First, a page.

|David G. Cooper; B.Sc., Ph.D.(Tor.)|
|John M. Dealy; B.S.(Kansas), M.S.E., Ph.D.(Mich.), Eng.|
|Musa R. Kamal; B.S.(Ill.), M.S., Ph.D.(Carn. Mell), Eng.|
|Richard J. Munz; B.A.Sc., M.A.Sc.(Wat.), Ph.D.(McG.), Eng.|
|Juan H. Vera; B.Mat.(Chile), Ing.Quim.(U.T.E.), M.S.(Calif., Berk.), Dr.Ing.(Santa Maria), Ing.|
|Alejandro D. Rey; B.Ch.Eng.(CCNY), Ph.D.(Calif., Berk.) (James McGill Professor)|
|Dimitrios Berk; B.Sc.(Bosphorus), M.E.Sc.(W. Ont.), Ph.D.(Calg.), P.Eng.|
|Sylvain Coulombe; B.Sc., M.Sc.A.(Sher.), Ph.D.(McG.), Ing.|
|Reghan James Hill; B.Eng., Ph.D.(C'nell)|
|Richard L. Leask; B.A.Sc., M.A.Sc.(Wat.), Ph.D.(Tor.), P.Eng.|
|Milan Maric; B.Sc., B.Eng. & Mgmt(McM.), Ph.D.(Minn.), P.Eng.|
|Jean-Luc Meunier; Dipl.Ing., EPFL(Lausanne), M.Sc., Ph.D., INRS(Varennes), Ing.|
|Sasha Omanovic; Dipl.Ing., Ph.D.(Zagreb), P.Eng.|
|Thomas Quinn; B.Sc.(Qu.), S.M., Ph.D.(MIT)|
|Phillip Servio; B.Sc., Ph.D.(Minn.)|
|Nathalie Tufenkji; B.Eng.(McG.), M.Sc., Ph.D.(Yale)|
|Viviane Yargeau; B.Eng., M.Sc.A., Ph.D.(Sher.), Ing.|
|Elizabeth Jones; B.A.Sc.(Wat.), M.S., Ph.D.(Calif. Tech.)|
|P.-Luc Girard-Lauriault; B.Sc.(Montr.), Ph.D.(École Poly., Montr.)|
|Jeff Gostick; B.Eng.(Ryerson), M.A.Sc., Ph.D.(Wat.)|
|Anne-Marie Kietzig; B.Eng.(T.U. Berlin), Ph.D.(Br. Col.)|
|W.J. Murray Douglas; B.Sc.(Qu.), M.S.E., Ph.D.(Mich.)|
|PAPRICAN Adjunct Professor|
|George J. Kubes; B.Eng., M.Eng.(Prague), Ph.D.(Bratislava)|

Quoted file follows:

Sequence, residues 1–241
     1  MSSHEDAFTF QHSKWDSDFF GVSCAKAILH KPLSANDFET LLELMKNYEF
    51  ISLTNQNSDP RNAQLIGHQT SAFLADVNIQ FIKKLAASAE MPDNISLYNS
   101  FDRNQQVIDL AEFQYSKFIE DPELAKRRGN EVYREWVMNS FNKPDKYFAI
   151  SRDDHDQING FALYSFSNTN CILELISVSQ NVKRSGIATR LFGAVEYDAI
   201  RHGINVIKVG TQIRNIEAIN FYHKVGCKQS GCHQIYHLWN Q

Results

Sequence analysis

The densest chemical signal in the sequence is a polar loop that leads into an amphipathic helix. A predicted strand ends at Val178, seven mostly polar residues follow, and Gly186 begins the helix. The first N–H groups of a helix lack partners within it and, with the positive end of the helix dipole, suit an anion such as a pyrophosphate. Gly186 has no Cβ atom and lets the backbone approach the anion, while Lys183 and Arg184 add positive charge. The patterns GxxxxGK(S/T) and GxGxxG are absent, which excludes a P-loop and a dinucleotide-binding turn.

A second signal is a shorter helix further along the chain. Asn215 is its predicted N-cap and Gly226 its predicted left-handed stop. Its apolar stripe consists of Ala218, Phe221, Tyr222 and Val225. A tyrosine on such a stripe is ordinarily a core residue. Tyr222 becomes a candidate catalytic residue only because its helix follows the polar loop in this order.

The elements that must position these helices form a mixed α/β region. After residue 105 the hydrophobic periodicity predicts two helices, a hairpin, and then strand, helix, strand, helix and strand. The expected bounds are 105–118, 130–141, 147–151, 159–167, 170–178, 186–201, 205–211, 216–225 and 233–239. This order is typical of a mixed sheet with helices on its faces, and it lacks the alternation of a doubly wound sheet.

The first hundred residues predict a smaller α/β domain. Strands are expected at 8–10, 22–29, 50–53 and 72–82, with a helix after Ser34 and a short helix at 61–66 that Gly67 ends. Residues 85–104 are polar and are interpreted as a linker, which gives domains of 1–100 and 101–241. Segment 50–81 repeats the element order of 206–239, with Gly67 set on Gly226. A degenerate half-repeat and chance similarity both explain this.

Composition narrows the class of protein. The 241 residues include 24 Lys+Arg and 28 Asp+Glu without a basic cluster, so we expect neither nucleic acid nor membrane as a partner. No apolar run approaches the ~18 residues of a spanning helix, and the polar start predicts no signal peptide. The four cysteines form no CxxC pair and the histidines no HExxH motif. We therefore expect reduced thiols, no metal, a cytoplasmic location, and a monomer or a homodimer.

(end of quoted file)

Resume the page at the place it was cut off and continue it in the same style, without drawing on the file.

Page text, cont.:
Program credit weight: 142-145 credits Program credit weight for CEGEP students: 116 credits The discipline of chemical engineering is distinctive in being based equally on physics, mathematics, and chemistry. Application of these three fundamental sciences is basic to a quantitative understanding of the process industries. Those with an interest in the ...
For more information, see Bachelor of Engineering (B.Eng.) – Chemical Engineering (142 credits).
Courses CHEE 582 and CHEE 584 comprise a Polymeric Materials sequence. Additional courses in this area are available in the Chemistry Department (e.g., CHEM 455) or at the graduate level (CHEE 681 to CHEE 684). The Department has considerable expertise in the polymer area.
Courses CHEE 370 and CHEE 474 make up a sequence in Biochemical Engineering-Biotechnology. Students interested in this area may take additional courses, particularly those offered by the Department of Food Science and Agricultural Chemistry, Faculty of Agricultural and Environmental Sciences, and courses in biochemistry and microbiology. The food, beverage, and pharmaceutical industries are large industries in the Montreal area and these courses are relevant to these industries and to the new high-technology applications of biotechnology.
The third area in which there is a sequence of courses is Pollution Control. The Department offers three courses in this area: CHEE 591, CHEE 592, and CHEE 593. As some water pollution control problems are solved by microbial processes, course CHEE 474 is also relevant to the pollution control area. Additional courses in this area are listed in the Environmental Engineering Minor.
A Minor in Biotechnology is also offered by the Faculties of Engineering and Science with emphasis on molecular biology and chemical engineering processes. A full description of the program appears in the Biotechnology Minor.
Note that many of the technical complementaries are offered only in alternate years. Students should, therefore, plan their complementaries as far ahead as possible. With the approval of the instructor and Academic Adviser, students may take graduate (500-level) CHEE courses as technical complementaries.